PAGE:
In yet another step toward firmly establishing an independent identity from the other services, the U.S. Space Force has published a new document articulating “spacepower” as a separate and distinct form of military power.
The Space Capstone Publication is the Space Force’s first official doctrine, and it will serve as a foundation for further doctrines that will delve deeper into the thorny military issues confronting the nascent service. The document lays out when military spacepower should be employed, who makes up military space forces, and the culture those forces should build. Key to that culture is organizational agility, innovation and boldness.
“One of the principles of an independent service is the creation of doctrine,” said Gen. John “Jay” Raymond, chief of space operations. “The Space Capstone Publication explains why spacepower is a vital element of U.S. prosperity and security — now and in the future — and guides its employment in multidomain operations. As the USSF continues to grow and mature, we will continue to evolve our doctrine to stay on the cutting edge of defending our interests in space.”
Other services and joint documents lay out space-related doctrines, the Space Force noted in its announcement, but all of those were written when space was considered a benign domain. Now the military considers space a war-fighting domain — blame for which is placed squarely on the shoulders of America’s adversaries — and the service’s first doctrine reflects that.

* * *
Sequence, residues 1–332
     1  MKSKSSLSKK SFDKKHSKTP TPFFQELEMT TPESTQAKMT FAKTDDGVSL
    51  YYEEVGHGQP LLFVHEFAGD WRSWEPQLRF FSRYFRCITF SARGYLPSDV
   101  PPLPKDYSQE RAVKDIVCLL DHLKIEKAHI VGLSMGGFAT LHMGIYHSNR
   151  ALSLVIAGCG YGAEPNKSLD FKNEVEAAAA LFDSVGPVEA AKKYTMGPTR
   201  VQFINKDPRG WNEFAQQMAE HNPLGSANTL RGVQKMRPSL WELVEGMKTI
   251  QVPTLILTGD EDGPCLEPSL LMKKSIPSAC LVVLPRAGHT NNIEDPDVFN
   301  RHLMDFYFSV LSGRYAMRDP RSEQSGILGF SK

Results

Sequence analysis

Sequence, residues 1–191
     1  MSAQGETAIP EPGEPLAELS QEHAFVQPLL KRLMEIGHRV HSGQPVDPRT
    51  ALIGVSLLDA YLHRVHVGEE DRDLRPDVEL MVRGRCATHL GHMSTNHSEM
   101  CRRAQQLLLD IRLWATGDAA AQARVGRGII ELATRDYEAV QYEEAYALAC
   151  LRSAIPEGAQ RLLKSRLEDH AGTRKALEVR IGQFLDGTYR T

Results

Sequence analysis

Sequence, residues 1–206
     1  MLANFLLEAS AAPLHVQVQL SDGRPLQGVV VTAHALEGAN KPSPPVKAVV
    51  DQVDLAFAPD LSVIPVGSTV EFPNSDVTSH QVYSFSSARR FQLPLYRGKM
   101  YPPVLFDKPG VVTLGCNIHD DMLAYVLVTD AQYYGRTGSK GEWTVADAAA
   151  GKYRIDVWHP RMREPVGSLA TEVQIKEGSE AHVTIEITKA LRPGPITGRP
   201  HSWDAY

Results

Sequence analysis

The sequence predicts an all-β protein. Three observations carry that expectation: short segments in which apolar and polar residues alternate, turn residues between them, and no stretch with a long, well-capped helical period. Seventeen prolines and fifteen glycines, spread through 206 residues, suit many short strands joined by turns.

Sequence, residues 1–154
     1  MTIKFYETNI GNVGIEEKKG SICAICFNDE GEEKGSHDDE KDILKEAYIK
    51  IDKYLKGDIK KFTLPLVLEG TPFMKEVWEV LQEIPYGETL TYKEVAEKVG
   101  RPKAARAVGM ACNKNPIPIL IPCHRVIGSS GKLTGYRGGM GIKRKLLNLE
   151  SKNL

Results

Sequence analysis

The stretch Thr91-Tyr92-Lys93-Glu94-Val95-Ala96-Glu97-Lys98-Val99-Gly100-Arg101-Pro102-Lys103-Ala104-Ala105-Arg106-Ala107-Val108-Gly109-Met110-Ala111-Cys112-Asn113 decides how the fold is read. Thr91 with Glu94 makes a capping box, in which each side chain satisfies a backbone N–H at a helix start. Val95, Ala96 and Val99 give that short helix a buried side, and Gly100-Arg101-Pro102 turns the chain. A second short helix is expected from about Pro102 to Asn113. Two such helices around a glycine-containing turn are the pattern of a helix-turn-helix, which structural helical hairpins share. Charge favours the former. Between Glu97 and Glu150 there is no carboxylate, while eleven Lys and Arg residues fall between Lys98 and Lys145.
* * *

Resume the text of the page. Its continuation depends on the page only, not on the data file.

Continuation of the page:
The key concept to the capstone is that military spacepower consists of deterrent and coercive capabilities, and the Space Force must provide independent options to national and joint leadership with those capabilities. With the space domain defined as the “altitude where atmospheric effects on airborne objects becomes negligible,” spacepower is inherently global.
Work on the document began before the Space Force was even established in December 2019. The effort began with a small group of individuals of varying ranks and affiliations.
“It was a coalition of the willing,” said Col. Casey Beard, commander of Space Delta 9. “We started work in August 2019 and met every two weeks — brainstorming, debating, building an outline and assigning sections to draft.”
The Space Force then hosted a summit in February to formalize work on the doctrine, accepting input from military services and exchange officers from the United Kingdom, Canada and Australia.
Nathan Strout covers space, unmanned and intelligence systems for C4ISRNET.